Help in Making Your Christmas Budget.
Christmas is the best. You get to hang stockings, shop for your favorite people, and potluck like a champ. There’s no other time of the year quite like it. That’s why it’s so easy to get carried away with your seasonal shopping!
In fact, last year’s annual Gallup poll found that nearly a quarter of Americans anticipated spending $1,000 or more on Christmas. That’s a decent chunk of change for any budget. While it’s perfectly okay to spend extra money around the holidays, you don’t want to end up with the unwelcomed gift of credit card debt come Christmas morning.
Here’s how you can make your Christmas budget brighter:
- Figure out how much you can spend on Christmas
Let’s go ahead and address the question on everyone’s mind: How do you figure out your Christmas budget? Start by figuring out how much you spend on your normal monthly expenses, like gas, utilities, insurance and groceries. Then take a closer look at your flexible spending budget groups like dining out and entertainment money.
If you typically spend $300 on restaurants in a month, why not cook a few extra meals at home and divert an extra $200 toward Christmas savings? Or if your personal money is partying it up at $150, why not hold off (temporarily) and put an extra $100 into your Christmas stash? Smart budgeting now can free up more money for what you want later—like Christmas presents!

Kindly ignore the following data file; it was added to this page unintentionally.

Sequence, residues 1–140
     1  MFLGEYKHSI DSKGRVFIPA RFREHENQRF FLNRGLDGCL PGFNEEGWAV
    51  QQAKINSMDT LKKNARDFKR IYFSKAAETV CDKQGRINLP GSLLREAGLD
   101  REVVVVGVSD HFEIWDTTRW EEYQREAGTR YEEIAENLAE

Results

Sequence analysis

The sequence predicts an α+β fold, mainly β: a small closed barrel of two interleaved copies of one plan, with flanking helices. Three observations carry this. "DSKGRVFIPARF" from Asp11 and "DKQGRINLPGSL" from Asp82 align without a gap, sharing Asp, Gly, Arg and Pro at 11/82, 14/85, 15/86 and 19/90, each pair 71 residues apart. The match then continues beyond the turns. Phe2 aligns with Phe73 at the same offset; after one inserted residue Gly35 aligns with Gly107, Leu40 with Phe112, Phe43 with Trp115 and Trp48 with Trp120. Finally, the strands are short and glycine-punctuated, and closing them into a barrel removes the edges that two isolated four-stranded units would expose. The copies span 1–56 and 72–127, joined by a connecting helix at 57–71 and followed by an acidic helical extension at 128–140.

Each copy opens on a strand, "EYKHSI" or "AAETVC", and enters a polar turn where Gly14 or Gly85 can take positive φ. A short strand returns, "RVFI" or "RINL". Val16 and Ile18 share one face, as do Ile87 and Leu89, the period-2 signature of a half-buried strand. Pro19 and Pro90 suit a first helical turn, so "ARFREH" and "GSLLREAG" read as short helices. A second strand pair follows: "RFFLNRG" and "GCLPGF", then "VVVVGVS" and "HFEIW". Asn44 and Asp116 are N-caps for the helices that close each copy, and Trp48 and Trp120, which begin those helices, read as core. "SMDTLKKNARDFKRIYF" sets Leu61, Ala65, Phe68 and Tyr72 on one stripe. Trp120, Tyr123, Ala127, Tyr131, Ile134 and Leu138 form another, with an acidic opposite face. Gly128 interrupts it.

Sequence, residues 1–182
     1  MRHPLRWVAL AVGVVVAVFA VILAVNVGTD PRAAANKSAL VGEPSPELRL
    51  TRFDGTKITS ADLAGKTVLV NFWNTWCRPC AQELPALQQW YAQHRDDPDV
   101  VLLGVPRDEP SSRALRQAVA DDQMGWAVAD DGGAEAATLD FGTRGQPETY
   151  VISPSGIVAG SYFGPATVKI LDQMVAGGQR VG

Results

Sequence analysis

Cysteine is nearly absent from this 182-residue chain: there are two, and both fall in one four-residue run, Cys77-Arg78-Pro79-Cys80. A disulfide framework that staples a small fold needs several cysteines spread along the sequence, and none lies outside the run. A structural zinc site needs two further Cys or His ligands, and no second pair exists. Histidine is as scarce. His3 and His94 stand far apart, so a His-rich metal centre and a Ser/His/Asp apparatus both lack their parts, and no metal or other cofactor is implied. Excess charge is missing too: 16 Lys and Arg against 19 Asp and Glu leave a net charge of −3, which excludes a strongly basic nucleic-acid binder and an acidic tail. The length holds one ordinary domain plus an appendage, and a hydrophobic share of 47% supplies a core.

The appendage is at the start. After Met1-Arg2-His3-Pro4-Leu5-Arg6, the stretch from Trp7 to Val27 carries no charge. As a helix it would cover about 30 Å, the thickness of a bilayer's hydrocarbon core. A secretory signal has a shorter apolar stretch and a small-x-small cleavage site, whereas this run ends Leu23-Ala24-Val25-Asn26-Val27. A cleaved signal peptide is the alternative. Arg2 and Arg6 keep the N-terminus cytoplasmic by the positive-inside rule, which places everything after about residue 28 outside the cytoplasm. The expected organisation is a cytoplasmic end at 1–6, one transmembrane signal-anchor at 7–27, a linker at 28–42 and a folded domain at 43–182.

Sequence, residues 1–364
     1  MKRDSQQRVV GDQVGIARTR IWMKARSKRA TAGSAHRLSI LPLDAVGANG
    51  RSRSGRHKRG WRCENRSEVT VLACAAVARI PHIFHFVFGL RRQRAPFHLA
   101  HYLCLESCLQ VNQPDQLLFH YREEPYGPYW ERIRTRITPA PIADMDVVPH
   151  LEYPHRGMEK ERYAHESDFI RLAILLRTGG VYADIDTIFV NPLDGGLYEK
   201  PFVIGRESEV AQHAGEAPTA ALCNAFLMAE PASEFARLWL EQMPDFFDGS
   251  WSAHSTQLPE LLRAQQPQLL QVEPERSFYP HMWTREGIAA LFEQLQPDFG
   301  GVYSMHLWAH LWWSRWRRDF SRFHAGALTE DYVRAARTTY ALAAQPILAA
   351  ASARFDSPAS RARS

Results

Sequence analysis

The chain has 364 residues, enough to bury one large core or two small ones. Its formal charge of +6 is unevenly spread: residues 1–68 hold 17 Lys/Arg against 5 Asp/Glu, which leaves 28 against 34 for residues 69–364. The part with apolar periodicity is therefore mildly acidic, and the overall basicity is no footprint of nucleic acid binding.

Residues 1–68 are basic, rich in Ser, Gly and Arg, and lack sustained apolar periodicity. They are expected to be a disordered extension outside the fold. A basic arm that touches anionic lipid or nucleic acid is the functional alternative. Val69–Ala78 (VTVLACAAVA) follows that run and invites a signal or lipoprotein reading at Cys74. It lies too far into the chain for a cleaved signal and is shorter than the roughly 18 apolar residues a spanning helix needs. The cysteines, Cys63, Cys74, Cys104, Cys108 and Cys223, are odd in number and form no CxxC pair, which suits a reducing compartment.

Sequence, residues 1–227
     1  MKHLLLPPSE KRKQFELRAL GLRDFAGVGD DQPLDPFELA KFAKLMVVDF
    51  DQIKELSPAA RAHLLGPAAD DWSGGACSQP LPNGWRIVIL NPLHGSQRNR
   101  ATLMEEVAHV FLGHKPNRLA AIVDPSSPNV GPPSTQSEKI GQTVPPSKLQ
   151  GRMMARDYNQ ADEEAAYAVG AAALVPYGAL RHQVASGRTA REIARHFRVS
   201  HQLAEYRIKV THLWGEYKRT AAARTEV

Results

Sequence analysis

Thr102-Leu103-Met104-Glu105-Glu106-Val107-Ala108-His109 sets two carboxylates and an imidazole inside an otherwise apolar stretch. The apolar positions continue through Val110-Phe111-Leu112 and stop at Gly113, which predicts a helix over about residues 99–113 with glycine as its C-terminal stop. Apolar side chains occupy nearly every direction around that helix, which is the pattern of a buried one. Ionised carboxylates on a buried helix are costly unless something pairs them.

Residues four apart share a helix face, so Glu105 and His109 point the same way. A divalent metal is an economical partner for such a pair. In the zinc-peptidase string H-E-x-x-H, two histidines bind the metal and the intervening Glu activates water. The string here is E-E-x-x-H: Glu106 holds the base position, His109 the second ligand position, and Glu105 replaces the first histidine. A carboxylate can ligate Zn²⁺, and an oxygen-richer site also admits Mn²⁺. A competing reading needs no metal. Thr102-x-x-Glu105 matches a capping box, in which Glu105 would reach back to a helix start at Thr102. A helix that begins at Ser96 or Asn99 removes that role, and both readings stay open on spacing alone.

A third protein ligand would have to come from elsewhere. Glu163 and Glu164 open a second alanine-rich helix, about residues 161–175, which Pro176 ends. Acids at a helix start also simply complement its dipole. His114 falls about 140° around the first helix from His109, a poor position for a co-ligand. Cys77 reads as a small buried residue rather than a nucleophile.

- Divide your Christmas budget into categories
Once you’ve figured out how much you can spend on Christmas, do some dividing. Take your number—let’s say $500—and think over your seasonal expenses. You’ll need money for travel ($50), tree and trimmings ($50), a few potlucks and parties ($50), and some extra giving ($50). Then there’s the Big Kahuna: Christmas gifts ($300).
As long as you plan where you money will go before you spend it, there’s no right or wrong way to split up your Christmas budget. Plus, if that Evergreen goes on sale, or you economize on your potluck groceries, that means more money to splurge on your loved ones.
- Write down who you need to buy gifts for
Now that you know exactly how much you can spend on gifts, decide who gets what. Make a list of everyone you’ll buy for this year. And we mean everyone—coworkers, church friends, your parents, your kids, your grandkids. Next to each name (or category, if you’re budgeting a treat for the office), write a specific dollar amount.
If you don’t have enough money to cover everyone on your list, rethink how much you’ll spend on each person. Maybe you can agree to only buy for the kids. Or perhaps you can draw names, instead of buying for multiple families. And then there are always baked goods or homemade crafts! Who doesn’t love a gift that comes fresh out of the oven or straight from the heart?
Give yourself the freedom to enjoy
You probably have a lot of great ideas on how to spend your money this season. When you start with a plan, you’ll be in control of your Christmas budget long before setting foot into the mall. All you have to do is set up your monthly budget, categorize your Christmas savings, and make your detailed gift list. After that, enjoy your Christmas shopping—because your budget said you could!
Courtesy of Dave Ramsey, EveryDollar.com
*EveryDollar is a simple, online budgeting tool that helps users set a monthly budget and seamlessly track expenses. For more information, go to www.everydollar.com.